Prior to the 1970's ceiling fans were rarely seen in most homes in the United States.
Today, everyone has ceiling fans in their home. Chances are you have several - maybe even some outside. I just counted ours, and there are five in the house, two on porches, and two in Mark's Studio, making a whopping nine ceiling fans that we own. They are so cheap today, they hardly cost more than an ordinary light fixture. It is hard to believe that at one time, they were considered somewhat unusual in the home, if not a bit antiquated.
(By the way, if you put a ceiling fan on your porch, make sure it is rated for outdoor use. As a friend of mine discovered the hard way, an indoor fan will droop like a wilted flower, over time, if mounted on an outdoor porch).
You may have seen a lot of old movies, like Key Largo, or Casablanca, or Night of the Iguana, where the camera zooms down on a scene from the slowly revolving blades of a ceiling fan. Two ceiling fan companies are even named after two of these movies! Back then, the ceiling fan set the tone of the movie - that it was set in some place with ungodly tropical heat, and not in the good-old United States of Central Heating!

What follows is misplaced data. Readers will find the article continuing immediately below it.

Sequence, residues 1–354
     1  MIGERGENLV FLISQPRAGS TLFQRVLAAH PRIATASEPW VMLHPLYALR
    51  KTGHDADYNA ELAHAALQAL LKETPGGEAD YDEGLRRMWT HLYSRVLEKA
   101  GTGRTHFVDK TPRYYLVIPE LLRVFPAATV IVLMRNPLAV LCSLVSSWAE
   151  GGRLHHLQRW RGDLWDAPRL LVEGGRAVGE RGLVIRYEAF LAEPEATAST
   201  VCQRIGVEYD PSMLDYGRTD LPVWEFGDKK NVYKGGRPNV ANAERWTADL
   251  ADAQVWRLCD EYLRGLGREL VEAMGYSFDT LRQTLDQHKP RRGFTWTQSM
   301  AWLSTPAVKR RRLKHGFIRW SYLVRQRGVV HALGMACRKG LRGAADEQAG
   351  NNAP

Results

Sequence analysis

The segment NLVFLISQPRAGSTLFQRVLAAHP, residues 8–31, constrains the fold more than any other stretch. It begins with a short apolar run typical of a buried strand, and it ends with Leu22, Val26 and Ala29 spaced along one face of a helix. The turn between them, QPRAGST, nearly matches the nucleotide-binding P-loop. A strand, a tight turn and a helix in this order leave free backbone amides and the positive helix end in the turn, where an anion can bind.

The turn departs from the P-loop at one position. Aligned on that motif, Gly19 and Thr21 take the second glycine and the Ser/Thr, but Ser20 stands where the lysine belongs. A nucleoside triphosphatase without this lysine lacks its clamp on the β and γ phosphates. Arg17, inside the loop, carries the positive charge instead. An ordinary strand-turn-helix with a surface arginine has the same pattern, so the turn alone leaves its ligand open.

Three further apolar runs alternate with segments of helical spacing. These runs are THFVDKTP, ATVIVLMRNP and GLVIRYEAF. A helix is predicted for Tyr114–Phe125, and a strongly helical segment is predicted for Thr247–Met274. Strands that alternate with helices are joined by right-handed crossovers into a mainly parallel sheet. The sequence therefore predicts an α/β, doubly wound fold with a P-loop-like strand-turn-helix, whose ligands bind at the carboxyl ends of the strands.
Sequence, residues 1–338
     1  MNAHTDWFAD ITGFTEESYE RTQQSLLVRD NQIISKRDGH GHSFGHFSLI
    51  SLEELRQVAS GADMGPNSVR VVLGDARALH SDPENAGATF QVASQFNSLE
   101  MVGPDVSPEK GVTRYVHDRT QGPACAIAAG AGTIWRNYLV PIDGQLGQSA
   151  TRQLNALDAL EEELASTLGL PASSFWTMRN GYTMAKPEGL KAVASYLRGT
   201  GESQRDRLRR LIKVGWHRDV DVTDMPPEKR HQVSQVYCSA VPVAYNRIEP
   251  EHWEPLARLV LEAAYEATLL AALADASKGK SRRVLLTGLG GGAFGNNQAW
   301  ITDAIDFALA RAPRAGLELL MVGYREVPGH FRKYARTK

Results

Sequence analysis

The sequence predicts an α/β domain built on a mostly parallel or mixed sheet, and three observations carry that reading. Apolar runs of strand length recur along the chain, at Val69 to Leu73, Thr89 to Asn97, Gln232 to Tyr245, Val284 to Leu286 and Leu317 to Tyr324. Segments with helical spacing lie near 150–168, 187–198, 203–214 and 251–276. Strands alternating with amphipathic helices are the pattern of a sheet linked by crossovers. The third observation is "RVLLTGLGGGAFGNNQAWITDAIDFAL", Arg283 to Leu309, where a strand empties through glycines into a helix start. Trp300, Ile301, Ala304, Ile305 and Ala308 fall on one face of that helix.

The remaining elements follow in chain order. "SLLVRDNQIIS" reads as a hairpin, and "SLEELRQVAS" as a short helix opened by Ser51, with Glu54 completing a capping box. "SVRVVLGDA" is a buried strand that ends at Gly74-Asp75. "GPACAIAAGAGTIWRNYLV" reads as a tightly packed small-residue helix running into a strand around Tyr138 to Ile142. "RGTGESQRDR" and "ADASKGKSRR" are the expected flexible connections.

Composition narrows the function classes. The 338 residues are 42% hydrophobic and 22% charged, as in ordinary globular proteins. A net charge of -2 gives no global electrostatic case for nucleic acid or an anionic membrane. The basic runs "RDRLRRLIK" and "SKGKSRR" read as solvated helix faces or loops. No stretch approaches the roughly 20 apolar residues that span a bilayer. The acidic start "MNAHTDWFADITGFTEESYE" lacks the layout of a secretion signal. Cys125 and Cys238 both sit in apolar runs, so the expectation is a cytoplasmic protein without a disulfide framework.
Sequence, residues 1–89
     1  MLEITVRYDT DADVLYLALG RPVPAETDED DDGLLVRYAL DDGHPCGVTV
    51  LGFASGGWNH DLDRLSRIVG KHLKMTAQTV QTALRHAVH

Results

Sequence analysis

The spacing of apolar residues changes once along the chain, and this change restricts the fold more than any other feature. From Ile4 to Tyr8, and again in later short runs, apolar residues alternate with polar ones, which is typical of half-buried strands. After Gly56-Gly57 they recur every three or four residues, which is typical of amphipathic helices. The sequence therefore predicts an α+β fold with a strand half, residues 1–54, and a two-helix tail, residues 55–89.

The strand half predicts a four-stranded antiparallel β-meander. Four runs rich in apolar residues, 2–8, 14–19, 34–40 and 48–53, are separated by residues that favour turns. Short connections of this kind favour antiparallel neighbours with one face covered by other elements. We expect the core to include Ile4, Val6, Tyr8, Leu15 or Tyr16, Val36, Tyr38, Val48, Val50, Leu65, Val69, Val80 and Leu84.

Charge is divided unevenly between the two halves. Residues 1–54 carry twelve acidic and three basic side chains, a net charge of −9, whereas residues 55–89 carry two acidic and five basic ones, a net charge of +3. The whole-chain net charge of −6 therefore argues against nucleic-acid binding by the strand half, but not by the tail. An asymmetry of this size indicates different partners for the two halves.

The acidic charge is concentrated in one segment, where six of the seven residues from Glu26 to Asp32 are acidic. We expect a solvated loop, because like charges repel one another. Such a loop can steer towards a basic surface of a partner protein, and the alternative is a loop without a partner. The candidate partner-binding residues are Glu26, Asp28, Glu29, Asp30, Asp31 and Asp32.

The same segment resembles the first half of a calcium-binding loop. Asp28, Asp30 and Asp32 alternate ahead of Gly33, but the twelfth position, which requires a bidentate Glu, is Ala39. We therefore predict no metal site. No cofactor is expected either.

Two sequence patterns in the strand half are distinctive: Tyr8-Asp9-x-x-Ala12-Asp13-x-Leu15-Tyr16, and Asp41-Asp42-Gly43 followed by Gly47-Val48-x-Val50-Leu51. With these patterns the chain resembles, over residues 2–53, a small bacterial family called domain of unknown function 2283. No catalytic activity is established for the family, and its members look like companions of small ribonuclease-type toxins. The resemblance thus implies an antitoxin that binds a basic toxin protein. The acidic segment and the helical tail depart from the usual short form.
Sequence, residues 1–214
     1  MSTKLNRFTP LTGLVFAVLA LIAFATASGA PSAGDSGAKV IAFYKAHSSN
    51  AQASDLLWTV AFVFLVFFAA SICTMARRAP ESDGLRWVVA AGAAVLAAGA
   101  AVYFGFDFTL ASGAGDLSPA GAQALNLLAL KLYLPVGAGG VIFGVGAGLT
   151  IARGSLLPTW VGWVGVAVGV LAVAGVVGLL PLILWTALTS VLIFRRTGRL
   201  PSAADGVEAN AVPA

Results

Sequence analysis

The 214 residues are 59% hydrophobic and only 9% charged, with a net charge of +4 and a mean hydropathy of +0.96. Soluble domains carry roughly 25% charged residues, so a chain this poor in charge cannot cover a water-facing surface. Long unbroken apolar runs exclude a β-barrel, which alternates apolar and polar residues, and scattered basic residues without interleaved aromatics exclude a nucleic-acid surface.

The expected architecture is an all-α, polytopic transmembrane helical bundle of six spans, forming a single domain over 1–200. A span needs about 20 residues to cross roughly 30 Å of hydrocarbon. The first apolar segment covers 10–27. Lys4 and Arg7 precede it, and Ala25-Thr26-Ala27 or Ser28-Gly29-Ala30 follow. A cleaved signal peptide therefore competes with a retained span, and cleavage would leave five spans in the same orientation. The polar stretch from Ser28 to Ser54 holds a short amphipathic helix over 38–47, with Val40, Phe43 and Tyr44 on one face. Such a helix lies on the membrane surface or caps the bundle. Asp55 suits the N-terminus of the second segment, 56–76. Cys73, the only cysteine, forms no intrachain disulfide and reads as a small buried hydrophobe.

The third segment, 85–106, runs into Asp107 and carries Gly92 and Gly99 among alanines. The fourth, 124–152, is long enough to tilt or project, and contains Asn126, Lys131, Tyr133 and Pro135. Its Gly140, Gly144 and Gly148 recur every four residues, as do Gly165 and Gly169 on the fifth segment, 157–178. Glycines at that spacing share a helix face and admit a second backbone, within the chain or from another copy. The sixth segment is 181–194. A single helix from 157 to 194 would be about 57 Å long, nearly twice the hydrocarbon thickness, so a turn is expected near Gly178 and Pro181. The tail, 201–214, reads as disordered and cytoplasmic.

Back in the 1950's and 1960's the only thing on your ceiling might be a centrally located ceiling light, which provided the worst sort of lighting in your home. These usually had glass globes, or later on, wavy glass with little starbursts in it (mid-century modern). The bulk of America lived in the Northeast, and few people needed or had central air conditioning. We all had an oil- or gas-fired forced air furnace, though, and ceiling fans were some "old fashioned" accessory about as esoteric and scary-looking as antique dental equipment.
That changed in the 1970's.
The "energy crises" drove up fuel and electric bills. A surprising number of power plants in the US were oil fired and thus even electricity was expensive. People bought wood stoves to heat their houses and it became a bit of a fad. There were even enthusiast magazines for wood stoves, and it became a bit of a hobby at the time. And one "accessory" for the wood stove was the ceiling fan. A ceiling fan would circulate the heat from the wood stove throughout the room and hopefully throughout the house.
They were ungodly expensive back then - in the hundreds of dollars, when a hundred dollars was worth what $500 would be today. The old line ceiling fan companies like Hunter had huge, heavy, hand-wound motors that would rotate a fan very slowly with no noise whatsoever. But over time, cheaper fans (from China, of course) using "vacuum cleaner motors" brought the prices down to where they are today - under $100 in many cases, which would be like $25 back in the 1970's.
They were featured on "This Old House" and before long, everyone was installing them in their homes. "Makes a great Christmas Gift" like that shower massage wand from Water-Pik you gave Dad last year. And before long, in new construction, it was expected that you would have ceiling fans, not just in the living room, but the bedrooms as well - maybe even the kitchen. We've kind of gone ceiling fan crazy in the United States. Like I said, I have nine of 'em, and that probably isn't that unusual.